Future Milestones:
  • • Winter 2012: Establish Aphidoletes populations on the 2 candidate banker plant systems to determine suitability for greenhouse use. • Spring /Early Summer 2012: Finish oviposition preference experiments in greenhouse (i.e. comparisons between R. padi and S. avenae banker plants); conduct dispersal experiments from 2 candidate banker plant systems. • Fall 2012: Conduct longer-term greenhouse trials investigating control of aphids using Aphidoletes banker plants; final analysis and report writing.

Impacts and Contributions/Outcomes

The work to date has shown that, as Aphidoletes is used currently in greenhouse floriculture production, this natural enemy will not sufficiently control the emerging pest of the foxglove aphid (A. solani), especially when green peach aphid (M. persicae) is present. This work illustrates that failures of biocontrol are not necessarily due to an ineffective natural enemy, but rather due to our failure to fully understand its biology. Understanding the oviposition behavior of Aphidoletes allows us to potentially develop more effective strategies, such as banker plants, which would provide constant, prophylactic levels of this natural enemy (vs. attempting to use it in a “curative” capacity).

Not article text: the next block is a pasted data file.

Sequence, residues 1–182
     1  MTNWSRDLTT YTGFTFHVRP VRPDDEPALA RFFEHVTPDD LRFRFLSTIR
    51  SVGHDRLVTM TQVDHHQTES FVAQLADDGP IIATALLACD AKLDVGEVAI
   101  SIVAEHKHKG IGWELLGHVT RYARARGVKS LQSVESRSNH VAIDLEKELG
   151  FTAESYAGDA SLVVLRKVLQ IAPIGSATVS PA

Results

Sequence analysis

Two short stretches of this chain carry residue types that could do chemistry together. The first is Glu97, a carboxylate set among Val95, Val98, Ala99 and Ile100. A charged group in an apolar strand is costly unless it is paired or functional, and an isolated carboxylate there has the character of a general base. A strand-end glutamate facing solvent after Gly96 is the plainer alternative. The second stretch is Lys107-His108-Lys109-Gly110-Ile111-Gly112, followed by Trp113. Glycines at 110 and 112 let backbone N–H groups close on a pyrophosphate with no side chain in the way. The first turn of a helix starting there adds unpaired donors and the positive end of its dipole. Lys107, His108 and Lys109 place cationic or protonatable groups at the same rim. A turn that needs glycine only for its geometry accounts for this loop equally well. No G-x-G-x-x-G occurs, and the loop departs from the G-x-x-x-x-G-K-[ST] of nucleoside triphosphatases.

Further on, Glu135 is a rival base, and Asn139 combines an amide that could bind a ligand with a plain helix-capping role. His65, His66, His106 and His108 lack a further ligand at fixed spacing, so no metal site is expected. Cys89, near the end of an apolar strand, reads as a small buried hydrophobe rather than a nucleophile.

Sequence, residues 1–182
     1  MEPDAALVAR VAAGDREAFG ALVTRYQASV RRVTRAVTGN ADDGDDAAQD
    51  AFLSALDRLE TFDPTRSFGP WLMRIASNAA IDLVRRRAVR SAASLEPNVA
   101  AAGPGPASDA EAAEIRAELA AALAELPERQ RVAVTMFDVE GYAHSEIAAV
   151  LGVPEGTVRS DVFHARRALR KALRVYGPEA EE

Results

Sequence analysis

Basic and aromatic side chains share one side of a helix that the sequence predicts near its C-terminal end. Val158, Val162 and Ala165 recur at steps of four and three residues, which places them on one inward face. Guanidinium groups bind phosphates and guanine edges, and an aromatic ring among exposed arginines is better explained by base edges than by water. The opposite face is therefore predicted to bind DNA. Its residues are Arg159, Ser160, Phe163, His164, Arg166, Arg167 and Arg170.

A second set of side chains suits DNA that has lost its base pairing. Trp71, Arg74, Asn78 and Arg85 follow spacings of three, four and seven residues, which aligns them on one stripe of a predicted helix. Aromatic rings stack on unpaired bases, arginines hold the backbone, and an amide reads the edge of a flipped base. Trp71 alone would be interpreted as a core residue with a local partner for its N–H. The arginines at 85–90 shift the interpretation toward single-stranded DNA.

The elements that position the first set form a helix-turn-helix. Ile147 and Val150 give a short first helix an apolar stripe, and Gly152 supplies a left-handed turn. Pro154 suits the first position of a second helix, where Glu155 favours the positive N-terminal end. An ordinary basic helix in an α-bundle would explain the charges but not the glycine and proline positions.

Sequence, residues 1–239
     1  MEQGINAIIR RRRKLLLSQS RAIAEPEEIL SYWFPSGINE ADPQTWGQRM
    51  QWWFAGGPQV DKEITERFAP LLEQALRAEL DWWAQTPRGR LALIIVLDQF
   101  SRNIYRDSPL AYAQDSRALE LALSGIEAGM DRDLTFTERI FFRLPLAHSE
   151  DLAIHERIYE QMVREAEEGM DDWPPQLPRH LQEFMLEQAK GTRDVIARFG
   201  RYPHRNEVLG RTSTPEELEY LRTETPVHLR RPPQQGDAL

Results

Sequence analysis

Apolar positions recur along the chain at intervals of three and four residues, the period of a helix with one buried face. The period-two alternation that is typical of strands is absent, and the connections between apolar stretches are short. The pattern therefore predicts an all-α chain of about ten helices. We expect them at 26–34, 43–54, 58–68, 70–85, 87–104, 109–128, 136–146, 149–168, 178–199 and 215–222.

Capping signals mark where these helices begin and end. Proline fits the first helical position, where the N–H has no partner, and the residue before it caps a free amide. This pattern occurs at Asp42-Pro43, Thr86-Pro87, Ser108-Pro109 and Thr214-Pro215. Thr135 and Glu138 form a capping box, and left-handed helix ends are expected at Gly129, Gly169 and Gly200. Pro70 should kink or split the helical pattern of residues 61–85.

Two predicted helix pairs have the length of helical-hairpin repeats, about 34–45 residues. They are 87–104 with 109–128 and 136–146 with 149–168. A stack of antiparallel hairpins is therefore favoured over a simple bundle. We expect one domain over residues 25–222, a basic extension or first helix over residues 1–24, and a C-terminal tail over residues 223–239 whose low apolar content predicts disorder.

Results of these experiments have been presented to growers, biocontrol specialists and researchers when I was invited to the International Organization for Biological Control (IOBC) annual Meeting in the UK in September, 2011. Results were also published in the IOBC Bulletin (IOBC/wprs Bulletin 68: 85-88), which is widely read by biocontrol researchers and practitioners. Further results were presented in the Greenhouse Biocontrol seminar of the Entomological Society of America Annual Meeting in November, 2011. Additionally, I was invited to write an article on the general use of banker plants for the IOBC/nrs newsletter (Volume 33(3): 2).


Dr. John Sanderson
Associate Professor
Cornell University
130 Insectary
Ithaca, NY 14853
Office Phone: 6072555419
Dr. Stephen Wraight
Ithaca, NY 14853-2901
Office Phone: 6072552458